It felt like the fall of the Roman empire watching Leeds’ Flying Pizza crash to earth after its godfather Adriano sold up a few years ago.
For those who don’t know it the Flying Pizza on Street Lane was the city’s ultimate magnet for bling and wag long before the terms were invented.
You were disappointed not to clock a Leeds United footballer there in the days when you could still recognise a Leeds United footballer. Porsche spotting on the forecourt was as popular as people watching in the garish interior. If Headingley’s Salvo’s was for students and media types then the Flying Pizza was Roundhay nouveau riche with knobs on and it packed them in all through the 70s, 80s and 90s. The food was OK, too, but almost incidental really once you got wrapped up in all that Italian warmth and bustle.
What went wrong? Well, an Italian fronted by someone called Pickles was always going to struggle to match up to Adriano’s charisma. Here’s an overnight verdict from one trusted regular: “Gloomy, no front of house presence, v. noisy, decor down at heel, automatic service charge for poor service, food nothing special, menu reduced to very little and prices increased beyond value for money… Po-faced staff to boot, and the place was so cold and grey looking thanks to the crap lighting put in at the last refurb….Last night at 10.10pm I went past and there was one table occupied….and I think they were staff!” Or perhaps the administrators into whose hands it had finally fallen.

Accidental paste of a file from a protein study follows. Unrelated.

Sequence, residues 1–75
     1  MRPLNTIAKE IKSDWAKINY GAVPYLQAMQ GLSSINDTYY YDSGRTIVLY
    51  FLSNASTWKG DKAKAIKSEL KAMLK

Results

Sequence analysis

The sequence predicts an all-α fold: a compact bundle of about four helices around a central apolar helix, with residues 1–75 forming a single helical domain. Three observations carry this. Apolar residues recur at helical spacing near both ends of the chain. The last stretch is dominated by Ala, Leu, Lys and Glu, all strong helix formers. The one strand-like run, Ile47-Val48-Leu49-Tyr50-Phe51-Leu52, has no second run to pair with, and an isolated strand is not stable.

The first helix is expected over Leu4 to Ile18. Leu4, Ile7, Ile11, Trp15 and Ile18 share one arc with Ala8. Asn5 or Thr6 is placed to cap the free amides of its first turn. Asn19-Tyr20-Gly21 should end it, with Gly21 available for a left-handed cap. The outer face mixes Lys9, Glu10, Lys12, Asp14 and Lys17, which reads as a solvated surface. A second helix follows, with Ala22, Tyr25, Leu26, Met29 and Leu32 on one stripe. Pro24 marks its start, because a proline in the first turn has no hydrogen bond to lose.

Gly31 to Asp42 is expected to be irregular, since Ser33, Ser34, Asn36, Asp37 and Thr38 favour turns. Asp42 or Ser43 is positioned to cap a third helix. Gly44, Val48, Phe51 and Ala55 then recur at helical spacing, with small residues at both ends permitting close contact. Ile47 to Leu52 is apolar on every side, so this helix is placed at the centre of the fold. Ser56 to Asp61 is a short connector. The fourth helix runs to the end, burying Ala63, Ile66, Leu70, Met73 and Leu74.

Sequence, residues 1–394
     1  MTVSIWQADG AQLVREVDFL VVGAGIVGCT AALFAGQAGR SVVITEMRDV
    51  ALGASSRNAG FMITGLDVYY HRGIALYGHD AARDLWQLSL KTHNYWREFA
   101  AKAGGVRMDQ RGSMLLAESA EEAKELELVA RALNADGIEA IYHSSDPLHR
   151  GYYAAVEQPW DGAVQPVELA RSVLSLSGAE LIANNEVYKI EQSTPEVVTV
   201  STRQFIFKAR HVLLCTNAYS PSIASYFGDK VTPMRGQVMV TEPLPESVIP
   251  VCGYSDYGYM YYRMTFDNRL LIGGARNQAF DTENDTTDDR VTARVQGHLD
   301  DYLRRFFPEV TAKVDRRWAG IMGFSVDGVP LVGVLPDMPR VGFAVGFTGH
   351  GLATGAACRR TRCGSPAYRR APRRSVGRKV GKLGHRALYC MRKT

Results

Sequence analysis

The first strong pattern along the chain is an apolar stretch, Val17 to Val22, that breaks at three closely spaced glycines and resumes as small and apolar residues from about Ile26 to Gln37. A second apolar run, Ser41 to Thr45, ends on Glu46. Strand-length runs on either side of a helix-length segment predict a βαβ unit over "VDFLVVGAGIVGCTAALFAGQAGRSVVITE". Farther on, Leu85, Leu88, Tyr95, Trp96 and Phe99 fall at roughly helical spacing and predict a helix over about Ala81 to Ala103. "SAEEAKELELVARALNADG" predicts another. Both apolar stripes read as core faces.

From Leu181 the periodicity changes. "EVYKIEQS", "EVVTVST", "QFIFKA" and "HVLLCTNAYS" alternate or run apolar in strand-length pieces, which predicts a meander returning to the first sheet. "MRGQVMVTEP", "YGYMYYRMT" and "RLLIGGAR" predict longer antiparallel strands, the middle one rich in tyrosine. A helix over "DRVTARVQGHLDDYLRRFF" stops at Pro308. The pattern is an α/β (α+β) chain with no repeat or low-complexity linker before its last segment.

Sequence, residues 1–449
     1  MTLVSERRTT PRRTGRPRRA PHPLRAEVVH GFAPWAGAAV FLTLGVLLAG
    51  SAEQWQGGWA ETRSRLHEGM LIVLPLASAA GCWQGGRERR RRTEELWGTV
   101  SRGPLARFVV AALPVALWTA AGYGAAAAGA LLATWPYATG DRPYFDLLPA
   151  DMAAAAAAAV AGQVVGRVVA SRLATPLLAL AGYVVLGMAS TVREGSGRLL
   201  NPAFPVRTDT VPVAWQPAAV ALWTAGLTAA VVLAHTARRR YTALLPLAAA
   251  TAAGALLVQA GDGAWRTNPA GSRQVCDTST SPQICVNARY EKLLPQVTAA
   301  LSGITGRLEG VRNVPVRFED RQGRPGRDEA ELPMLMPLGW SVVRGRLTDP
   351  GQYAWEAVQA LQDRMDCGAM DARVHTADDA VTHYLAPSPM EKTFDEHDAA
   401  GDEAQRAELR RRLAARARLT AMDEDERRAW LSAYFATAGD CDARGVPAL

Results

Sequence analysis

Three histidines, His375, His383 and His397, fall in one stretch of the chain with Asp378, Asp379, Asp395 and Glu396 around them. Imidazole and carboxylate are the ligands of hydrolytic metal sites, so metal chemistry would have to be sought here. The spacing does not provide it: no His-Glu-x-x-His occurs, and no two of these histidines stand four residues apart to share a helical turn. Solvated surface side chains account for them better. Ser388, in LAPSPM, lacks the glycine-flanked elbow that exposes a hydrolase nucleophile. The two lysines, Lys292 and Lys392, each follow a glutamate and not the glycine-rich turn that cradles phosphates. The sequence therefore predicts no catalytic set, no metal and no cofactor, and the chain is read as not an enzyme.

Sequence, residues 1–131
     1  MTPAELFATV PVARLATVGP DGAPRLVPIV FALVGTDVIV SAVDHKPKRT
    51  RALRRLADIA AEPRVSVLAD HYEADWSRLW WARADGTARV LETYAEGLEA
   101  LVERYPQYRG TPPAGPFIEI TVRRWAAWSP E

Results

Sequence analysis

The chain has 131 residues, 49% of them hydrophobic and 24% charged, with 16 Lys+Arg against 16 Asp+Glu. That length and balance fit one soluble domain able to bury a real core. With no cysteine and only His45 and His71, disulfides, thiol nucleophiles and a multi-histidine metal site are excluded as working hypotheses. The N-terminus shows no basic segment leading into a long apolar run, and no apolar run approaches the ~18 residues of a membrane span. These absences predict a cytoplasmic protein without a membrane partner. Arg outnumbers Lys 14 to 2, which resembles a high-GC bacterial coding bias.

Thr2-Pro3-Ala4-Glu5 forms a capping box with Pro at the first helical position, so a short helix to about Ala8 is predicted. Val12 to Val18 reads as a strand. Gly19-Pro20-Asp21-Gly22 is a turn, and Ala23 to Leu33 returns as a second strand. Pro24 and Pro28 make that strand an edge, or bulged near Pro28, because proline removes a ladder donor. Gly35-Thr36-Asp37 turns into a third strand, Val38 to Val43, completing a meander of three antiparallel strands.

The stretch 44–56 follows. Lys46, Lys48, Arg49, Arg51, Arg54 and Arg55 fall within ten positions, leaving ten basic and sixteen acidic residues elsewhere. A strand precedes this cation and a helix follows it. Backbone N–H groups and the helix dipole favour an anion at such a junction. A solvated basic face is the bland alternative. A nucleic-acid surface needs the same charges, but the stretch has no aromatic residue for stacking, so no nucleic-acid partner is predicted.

So, from that rock bottom, it can only be good news that the San Carlo people have just bought it up and are promising to lavish a million quid on doing it up. San Carlo have a whopping 140-seater place on South Parade in Leeds [picture] as well as seven other branches across Britain based on pizza/pasta and a selection of pesce and carne – a classic Italian formula with a few nods to modern trends. It’s big business Italian but still owned and run by father and son Carlo and Marcello Di Stefano who once lived in Roundhay and used to eat at the Flying Pizza so they have some roots. Once gone, recapturing former glories can be as hard as rebuilding lost empires but if they can bring back a personal touch along with all the big spend, then – fingers crossed – the Flying Pizza might take off again as the place to see and be seen.